Dr. Joanne Norton
Freshwater And Marine Aquarium magazine
Photos and Text by Dr. Joanne Norton
FAMA: May 1982, Vol. 5, #5
Naja gold beginning to lose the black pigment on its mouth.
Naja gold pair in two stages of color change to gold.
The male now has only a small black area remaining.
About eight mutations in angelfish have resulted in the many color variations that exist today. Five of these mutations (dark, stripeless, marble, smokey, and zebra) were discussed in Part 1. This article will deal with the three types of gold angelfish (Naja gold, Hong Kong gold and "New Gold") that have been widely available in the hobby. Commercial production of golds today is limited almost entirely to the new gold, which is gold its entire life (unlike the Naja gold) and has better color than the Hong Kong gold, in which the juvenile resembles a faded silver angelfish.
The Naja gold (sometimes called Wingate gold), which was the first gold angelfish on the market, appeared in 1970 (Axelrod, 1970). It is the only one of the tree golds that looks like wild-type (silver) for the first nine months, more or less, of its life. The first noticeable change is loss of black pigment on the mouth. Then black pigment continues to disappear on the lower part of the fish, while the dorsal areas simultaneously become black. Within a few days or weeks, the time varying among individuals, these black areas disappear as the amount of dark area diminishes, resulting in a gold-colored fish with black pigment remaining in the eyes of most individuals. Naja golds are the only angelfish I have seen that have atypical eyes; my impression is that I can see into the eye's interior.
In the Hong Kong gold (Anon., 1971), the juvenile is similar to wild-type but its dark markings are paler. At maturity, this striped pattern disappears and the fish is gold. Immature Hong Kong golds have an equilibrium problem. When their light is turned on in the morning, or if you shine light at them horizontally instead of from above, they are likely to swim in several head-first somersaults. This behavior has not been observed in the adults that I have had.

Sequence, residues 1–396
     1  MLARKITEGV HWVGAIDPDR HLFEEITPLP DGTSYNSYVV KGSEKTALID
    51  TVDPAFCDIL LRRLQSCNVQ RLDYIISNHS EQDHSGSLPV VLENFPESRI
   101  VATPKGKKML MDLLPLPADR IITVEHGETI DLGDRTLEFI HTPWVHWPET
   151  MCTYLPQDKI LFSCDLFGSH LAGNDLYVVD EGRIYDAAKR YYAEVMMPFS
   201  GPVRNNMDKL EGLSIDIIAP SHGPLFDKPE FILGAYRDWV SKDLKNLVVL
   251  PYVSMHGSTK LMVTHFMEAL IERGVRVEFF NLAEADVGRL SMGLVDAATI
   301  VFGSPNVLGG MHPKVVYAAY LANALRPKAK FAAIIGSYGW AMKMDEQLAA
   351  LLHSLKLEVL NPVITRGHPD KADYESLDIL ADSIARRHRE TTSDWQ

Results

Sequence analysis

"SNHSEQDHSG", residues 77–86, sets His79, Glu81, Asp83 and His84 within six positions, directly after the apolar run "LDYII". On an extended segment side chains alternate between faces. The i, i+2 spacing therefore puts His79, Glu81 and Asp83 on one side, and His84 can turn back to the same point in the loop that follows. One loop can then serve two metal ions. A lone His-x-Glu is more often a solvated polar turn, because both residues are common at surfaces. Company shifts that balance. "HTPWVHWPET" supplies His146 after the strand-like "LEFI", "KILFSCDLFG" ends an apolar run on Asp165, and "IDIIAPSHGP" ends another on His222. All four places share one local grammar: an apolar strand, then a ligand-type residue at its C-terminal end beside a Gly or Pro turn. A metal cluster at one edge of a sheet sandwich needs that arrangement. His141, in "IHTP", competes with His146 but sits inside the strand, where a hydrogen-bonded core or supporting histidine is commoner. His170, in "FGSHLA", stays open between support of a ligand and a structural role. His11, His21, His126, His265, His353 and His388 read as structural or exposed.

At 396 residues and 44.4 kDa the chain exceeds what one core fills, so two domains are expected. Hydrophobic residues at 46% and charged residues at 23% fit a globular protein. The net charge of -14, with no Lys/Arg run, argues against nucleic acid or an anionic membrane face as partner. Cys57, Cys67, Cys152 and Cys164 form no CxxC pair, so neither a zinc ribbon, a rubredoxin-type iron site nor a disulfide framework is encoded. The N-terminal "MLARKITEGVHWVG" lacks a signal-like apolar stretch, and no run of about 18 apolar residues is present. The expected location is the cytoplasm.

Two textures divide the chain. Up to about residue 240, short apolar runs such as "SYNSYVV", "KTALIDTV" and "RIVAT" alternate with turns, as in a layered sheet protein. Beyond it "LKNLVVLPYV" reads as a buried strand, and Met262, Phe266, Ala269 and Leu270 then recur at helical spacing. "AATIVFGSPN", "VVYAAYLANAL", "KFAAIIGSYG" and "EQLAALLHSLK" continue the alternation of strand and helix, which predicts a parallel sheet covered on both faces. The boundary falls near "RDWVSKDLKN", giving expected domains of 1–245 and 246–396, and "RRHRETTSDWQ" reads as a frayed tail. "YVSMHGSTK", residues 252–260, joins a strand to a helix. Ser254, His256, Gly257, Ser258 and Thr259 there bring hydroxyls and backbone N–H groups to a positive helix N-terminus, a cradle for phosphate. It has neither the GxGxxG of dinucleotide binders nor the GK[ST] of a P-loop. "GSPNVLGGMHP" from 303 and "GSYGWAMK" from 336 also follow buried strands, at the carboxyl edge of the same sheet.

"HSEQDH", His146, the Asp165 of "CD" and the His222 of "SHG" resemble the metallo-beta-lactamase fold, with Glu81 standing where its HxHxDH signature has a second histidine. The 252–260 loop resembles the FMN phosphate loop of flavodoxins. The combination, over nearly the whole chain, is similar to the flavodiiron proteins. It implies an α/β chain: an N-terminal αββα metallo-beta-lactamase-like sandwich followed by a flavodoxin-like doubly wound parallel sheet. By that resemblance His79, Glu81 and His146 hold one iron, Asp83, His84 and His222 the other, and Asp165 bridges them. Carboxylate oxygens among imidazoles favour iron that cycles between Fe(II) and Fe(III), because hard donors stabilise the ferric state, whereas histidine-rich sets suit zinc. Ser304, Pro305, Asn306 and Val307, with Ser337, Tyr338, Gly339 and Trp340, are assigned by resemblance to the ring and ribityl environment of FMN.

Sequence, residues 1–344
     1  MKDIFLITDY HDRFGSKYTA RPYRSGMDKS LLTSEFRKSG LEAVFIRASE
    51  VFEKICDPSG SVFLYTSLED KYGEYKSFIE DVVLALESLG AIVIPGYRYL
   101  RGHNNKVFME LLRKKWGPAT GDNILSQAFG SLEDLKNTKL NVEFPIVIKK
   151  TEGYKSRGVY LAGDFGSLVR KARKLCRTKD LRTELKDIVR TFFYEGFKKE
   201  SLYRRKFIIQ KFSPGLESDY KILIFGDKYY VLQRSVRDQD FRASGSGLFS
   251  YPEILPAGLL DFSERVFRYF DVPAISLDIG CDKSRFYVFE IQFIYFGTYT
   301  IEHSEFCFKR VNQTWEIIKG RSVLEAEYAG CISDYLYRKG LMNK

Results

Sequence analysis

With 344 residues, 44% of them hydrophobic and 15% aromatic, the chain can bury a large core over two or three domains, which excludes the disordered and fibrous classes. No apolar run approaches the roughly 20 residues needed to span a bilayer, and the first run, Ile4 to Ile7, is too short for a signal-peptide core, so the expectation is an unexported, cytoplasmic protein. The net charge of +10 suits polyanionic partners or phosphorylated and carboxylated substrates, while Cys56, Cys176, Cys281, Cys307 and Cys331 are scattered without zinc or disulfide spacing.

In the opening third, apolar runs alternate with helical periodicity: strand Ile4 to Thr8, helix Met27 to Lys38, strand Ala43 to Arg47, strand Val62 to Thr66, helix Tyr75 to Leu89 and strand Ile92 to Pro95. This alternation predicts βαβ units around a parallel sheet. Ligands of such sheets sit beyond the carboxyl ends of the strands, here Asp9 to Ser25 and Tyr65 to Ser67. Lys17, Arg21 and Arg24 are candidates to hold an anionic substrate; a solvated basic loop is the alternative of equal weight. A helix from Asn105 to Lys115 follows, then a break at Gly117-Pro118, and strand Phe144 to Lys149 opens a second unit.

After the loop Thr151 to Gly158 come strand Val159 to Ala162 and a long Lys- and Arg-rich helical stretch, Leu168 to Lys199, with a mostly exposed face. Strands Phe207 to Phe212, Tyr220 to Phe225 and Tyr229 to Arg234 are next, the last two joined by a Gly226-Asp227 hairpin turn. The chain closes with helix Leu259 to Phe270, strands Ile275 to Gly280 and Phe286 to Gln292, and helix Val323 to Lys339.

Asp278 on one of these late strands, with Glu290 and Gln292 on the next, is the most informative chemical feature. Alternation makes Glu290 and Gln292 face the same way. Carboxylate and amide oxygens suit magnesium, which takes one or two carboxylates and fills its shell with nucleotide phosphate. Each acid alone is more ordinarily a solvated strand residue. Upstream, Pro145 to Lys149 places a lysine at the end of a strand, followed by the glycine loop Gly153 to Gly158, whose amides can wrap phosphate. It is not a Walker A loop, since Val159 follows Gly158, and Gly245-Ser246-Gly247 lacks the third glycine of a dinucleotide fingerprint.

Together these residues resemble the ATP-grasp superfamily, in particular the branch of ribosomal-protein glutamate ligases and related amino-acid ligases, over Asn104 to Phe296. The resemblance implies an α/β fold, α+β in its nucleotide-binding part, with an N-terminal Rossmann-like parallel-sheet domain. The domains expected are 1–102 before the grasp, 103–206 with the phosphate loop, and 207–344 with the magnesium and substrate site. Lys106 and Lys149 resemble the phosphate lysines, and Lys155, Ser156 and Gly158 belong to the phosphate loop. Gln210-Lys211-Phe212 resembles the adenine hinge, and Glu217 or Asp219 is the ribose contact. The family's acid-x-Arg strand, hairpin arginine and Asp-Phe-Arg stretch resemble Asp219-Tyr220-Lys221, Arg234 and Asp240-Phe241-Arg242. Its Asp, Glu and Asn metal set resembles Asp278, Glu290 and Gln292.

The new gold angelfish is gold its entire life. I have examined fry (one day before they became free-swimming) with 10x magnification, and found that they have a reduced number of black pigment cells (appearing as black stipples) compared with wild-type. The new gold never has the dark stripes that are present in the juvenile Hong Kong gold. New golds do not have the eye variation that occurs in Naja golds.
New golds were imported into the U.S. from Singapore in 1973. Earl Wellwood (1974), a Canadian aquarist, stated that he had about 5000 new golds before he sold any. When I talked with Mr. Wellwood in 1976, he told me that he he thought the new golds on the market originated from his stock. Unfortunately, his article did not give the date when he first sold new golds, and therefore he did not make it clear whether or not he released his new golds early enough for these fish to have been raised in Singapore and exported in 1973. I have seen no information on the origin of the Singapore new golds. Ross Socolof (1975) reported new gold angelfish that appeared in stocks at his fish farm, and he also said that new golds turned up in stocks at another Florida fish farm. It is impossible to know, from the information that I have, whether the mutation to new gold occurred only once or more than once within a period of about three years.